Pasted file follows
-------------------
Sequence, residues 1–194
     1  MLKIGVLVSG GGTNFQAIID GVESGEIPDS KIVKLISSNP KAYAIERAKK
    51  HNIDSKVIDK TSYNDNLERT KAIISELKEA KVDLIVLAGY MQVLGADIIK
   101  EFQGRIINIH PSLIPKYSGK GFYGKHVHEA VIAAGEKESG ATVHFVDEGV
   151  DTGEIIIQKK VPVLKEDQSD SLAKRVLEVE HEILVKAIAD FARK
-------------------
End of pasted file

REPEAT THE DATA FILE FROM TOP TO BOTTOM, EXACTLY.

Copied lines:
Sequence, residues 1–194
     1  MLKIGVLVSG GGTNFQAIID GVESGEIPDS KIVKLISSNP KAYAIERAKK
    51  HNIDSKVIDK TSYNDNLERT KAIISELKEA KVDLIVLAGY MQVLGADIIK
   101  EFQGRIINIH PSLIPKYSGK GFYGKHVHEA VIAAGEKESG ATVHFVDEGV
   151  DTGEIIIQKK VPVLKEDQSD SLAKRVLEVE HEILVKAIAD FARK